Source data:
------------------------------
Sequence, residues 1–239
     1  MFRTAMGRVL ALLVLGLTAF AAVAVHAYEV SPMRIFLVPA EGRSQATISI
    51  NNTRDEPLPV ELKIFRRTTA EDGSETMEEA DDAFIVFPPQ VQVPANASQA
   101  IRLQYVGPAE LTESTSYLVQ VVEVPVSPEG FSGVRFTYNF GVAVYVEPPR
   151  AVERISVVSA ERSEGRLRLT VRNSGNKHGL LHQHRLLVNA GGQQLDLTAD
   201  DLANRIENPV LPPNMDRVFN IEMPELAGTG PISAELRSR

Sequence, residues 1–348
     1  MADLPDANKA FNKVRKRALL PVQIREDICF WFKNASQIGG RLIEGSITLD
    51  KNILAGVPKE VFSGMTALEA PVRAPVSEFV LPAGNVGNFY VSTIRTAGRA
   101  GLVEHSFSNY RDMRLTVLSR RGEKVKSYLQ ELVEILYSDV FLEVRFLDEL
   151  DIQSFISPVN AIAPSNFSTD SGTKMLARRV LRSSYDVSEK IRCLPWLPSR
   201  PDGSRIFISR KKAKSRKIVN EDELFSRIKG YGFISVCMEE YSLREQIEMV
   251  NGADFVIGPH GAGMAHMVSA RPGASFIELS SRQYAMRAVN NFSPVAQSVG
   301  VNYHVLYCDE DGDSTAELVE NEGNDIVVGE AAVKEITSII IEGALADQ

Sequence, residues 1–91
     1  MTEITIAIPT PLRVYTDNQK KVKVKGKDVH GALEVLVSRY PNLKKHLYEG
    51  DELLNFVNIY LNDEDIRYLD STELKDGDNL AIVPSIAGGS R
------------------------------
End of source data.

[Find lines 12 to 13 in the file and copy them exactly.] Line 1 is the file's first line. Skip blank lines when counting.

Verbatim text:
   201  PDGSRIFISR KKAKSRKIVN EDELFSRIKG YGFISVCMEE YSLREQIEMV
   251  NGADFVIGPH GAGMAHMVSA RPGASFIELS SRQYAMRAVN NFSPVAQSVG